This is one of my favorite movies. I think I've seen it six or seven times, maybe more. Even so, I'm not entirely sure how this director's cut differs from the earlier one; both remove the clunky narration, cut the (not very) happy ending, and add in the unicorn dream. The score is notably clean, but I'm not sure exactly what was added. I don't remember the snatches of a kabuki chant that play when people enter JF Sebastian's apartment, but that may just be that this time around was the first time I knew what they were.

For those of you who haven't seen it, Harrison Ford is a "blade runner": a licensed assassin who kills runaway replicants, who are androids who are human in almost every respect, but stronger, faster, tougher... and with a four-year lifespan. He's sent to track down four replicants, led by Rutger Hauer in an unforgettable role and performance. It's sf noir, set in a future Los Angeles. Like most sf about androids or robots, it's about what it means to be human.

Actually, I suspect that many of you who haven't seen it already wouldn't like it; there's Asian characters talking in broken English, and the whole landscape is so dystopian that its Asian influence can be read as part of its wrongness, though I think it was intended as extrapolation. Also, the central romance works much better if you take it as a fucked-up relationship between two profoundly damaged people which begins with a rape and culminates in Stockholm Syndrome, than as the passionate affair it was probably intended to be. (I mean Deckard and Rachael. Roy Batty and Pris may be profoundly damaged, but their relationship doesn't seem notably unhealthy.)

That being said, it is still one of my very favorite movies, for Roy Batty and Pris and JF Sebastian, and the terrible and beautiful confrontations toward the end. And C-beams glittering off Tannhauser, and tears in rain.

Though some of the worldbuilding isn't quite consistent (Earth seems both under and over populated, for instance; the reason for the replicants' limited lifespans is given as insurance against rebellion, and as an unavoidable byproduct of their existence) it feels like an utterly convincing other world, full of the odd and unexplained details that make it seem real, yet bound together by tightly knit themes that make it seem a unified whole:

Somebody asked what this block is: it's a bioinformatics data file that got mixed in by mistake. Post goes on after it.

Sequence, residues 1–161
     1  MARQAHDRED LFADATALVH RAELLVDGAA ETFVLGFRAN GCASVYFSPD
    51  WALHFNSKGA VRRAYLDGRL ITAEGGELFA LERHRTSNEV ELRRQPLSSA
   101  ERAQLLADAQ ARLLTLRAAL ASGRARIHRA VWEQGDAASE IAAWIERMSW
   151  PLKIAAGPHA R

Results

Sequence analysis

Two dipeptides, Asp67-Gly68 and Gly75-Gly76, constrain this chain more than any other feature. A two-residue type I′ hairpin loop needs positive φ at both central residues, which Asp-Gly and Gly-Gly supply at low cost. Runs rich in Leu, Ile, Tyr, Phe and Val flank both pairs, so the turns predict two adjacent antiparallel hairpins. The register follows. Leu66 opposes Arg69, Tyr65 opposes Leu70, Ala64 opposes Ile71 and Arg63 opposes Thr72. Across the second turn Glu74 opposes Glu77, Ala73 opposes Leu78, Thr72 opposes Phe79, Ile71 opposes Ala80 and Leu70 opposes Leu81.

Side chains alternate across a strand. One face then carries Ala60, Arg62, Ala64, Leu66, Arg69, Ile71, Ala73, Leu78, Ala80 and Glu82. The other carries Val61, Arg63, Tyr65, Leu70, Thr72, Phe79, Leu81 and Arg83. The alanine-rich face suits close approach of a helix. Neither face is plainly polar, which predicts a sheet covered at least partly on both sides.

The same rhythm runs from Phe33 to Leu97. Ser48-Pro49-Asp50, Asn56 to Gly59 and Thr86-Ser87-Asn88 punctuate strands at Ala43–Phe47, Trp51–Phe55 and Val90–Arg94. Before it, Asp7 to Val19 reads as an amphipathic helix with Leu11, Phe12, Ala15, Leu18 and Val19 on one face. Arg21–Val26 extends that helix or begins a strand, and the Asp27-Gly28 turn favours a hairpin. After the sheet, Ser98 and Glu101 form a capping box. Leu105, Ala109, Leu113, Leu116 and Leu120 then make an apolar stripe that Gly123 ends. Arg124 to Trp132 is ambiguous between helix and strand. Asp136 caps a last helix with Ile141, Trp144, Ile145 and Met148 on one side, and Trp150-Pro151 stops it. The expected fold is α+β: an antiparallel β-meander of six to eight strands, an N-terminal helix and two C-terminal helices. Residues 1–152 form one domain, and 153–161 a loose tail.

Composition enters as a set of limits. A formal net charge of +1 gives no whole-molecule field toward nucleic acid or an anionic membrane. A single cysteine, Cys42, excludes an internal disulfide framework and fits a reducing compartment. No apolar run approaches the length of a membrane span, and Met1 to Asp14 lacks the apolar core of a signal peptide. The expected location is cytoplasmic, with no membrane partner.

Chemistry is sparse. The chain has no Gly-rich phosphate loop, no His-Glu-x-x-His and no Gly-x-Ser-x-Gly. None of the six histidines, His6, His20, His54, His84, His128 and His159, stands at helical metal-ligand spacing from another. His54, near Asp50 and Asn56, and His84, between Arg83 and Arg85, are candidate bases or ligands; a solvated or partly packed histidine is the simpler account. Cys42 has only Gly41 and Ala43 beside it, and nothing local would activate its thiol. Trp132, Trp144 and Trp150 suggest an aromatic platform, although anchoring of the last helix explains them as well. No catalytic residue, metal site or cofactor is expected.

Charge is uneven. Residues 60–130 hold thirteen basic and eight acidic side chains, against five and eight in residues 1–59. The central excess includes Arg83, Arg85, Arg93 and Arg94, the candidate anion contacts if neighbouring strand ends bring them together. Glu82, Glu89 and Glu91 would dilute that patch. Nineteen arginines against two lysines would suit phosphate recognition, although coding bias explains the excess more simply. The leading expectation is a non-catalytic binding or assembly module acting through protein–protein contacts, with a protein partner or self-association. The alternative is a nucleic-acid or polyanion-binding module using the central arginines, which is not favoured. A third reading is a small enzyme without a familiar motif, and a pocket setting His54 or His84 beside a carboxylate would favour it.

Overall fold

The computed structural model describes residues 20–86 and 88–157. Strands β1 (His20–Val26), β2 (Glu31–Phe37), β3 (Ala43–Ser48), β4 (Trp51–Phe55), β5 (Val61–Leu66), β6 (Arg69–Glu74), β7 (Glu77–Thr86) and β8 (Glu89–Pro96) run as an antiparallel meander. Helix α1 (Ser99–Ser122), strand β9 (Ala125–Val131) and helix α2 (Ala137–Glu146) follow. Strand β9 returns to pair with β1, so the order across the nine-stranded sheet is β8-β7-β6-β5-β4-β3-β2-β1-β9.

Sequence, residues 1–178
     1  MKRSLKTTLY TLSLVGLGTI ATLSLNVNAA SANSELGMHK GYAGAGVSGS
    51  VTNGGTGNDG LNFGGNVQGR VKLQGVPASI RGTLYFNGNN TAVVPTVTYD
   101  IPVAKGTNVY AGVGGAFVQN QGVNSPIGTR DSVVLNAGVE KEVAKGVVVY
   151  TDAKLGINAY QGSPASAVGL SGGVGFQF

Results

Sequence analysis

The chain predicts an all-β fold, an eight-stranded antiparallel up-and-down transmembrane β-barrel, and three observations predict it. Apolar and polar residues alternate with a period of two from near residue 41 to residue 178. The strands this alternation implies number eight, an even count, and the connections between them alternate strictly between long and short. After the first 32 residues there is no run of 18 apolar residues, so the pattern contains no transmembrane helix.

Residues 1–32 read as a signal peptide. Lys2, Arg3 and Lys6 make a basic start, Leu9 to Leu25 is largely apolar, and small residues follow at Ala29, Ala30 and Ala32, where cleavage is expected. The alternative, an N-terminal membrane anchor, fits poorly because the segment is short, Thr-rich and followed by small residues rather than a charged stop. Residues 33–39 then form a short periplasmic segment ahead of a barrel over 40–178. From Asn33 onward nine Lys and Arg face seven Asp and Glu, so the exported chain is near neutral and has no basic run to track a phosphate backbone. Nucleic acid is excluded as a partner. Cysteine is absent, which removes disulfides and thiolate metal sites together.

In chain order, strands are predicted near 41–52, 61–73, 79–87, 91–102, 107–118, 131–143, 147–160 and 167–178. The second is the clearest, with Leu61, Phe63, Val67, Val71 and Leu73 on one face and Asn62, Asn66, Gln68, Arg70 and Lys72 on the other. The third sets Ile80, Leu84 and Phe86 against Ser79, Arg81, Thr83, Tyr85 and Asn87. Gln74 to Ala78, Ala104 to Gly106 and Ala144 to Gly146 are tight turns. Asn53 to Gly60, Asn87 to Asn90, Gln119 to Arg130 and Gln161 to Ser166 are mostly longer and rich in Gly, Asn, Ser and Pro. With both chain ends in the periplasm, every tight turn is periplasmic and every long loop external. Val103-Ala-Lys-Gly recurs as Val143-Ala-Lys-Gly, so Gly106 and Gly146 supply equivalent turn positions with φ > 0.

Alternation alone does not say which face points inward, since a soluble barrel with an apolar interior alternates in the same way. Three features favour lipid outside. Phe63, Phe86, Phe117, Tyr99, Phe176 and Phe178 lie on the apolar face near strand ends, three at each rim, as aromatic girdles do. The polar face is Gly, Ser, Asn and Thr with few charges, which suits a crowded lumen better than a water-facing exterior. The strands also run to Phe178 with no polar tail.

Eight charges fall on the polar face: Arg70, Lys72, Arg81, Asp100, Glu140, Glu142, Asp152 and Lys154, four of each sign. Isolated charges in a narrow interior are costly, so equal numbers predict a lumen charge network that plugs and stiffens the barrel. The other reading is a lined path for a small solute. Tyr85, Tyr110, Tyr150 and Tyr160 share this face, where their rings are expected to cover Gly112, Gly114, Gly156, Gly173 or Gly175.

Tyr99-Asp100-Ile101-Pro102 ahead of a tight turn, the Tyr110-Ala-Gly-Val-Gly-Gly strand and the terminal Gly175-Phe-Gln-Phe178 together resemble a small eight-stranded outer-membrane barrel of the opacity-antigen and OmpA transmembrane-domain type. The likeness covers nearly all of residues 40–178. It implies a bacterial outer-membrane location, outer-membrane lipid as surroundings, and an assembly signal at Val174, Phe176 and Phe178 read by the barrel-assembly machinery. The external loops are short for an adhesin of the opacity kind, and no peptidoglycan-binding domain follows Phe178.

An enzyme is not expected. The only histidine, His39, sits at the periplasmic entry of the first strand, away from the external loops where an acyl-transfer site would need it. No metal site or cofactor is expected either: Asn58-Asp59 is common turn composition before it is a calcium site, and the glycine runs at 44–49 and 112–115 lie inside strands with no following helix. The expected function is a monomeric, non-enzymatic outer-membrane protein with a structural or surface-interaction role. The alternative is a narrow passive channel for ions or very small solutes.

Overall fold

Cut for spoilers.
Read more... )
This is one of my favorite movies. I think I've seen it six or seven times, maybe more. Even so, I'm not entirely sure how this director's cut differs from the earlier one; both remove the clunky narration, cut the (not very) happy ending, and add in the unicorn dream. The score is notably clean, but I'm not sure exactly what was added. I don't remember the snatches of a kabuki chant that play when people enter JF Sebastian's apartment, but that may just be that this time around was the first time I knew what they were.

For those of you who haven't seen it, Harrison Ford is a "blade runner": a licensed assassin who kills runaway replicants, who are androids who are human in almost every respect, but stronger, faster, tougher... and with a four-year lifespan. He's sent to track down four replicants, led by Rutger Hauer in an unforgettable role and performance. It's sf noir, set in a future Los Angeles. Like most sf about androids or robots, it's about what it means to be human.

Actually, I suspect that many of you who haven't seen it already wouldn't like it; there's Asian characters talking in broken English, and the whole landscape is so dystopian that its Asian influence can be read as part of its wrongness, though I think it was intended as extrapolation. Also, the central romance works much better if you take it as a fucked-up relationship between two profoundly damaged people which begins with a rape and culminates in Stockholm Syndrome, than as the passionate affair it was probably intended to be. (I mean Deckard and Rachael. Roy Batty and Pris may be profoundly damaged, but their relationship doesn't seem notably unhealthy.)

That being said, it is still one of my very favorite movies, for Roy Batty and Pris and JF Sebastian, and the terrible and beautiful confrontations toward the end. And C-beams glittering off Tannhauser, and tears in rain.

Though some of the worldbuilding isn't quite consistent (Earth seems both under and over populated, for instance; the reason for the replicants' limited lifespans is given as insurance against rebellion, and as an unavoidable byproduct of their existence) it feels like an utterly convincing other world, full of the odd and unexplained details that make it seem real, yet bound together by tightly knit themes that make it seem a unified whole:

Cut for spoilers.
Read more... )
.

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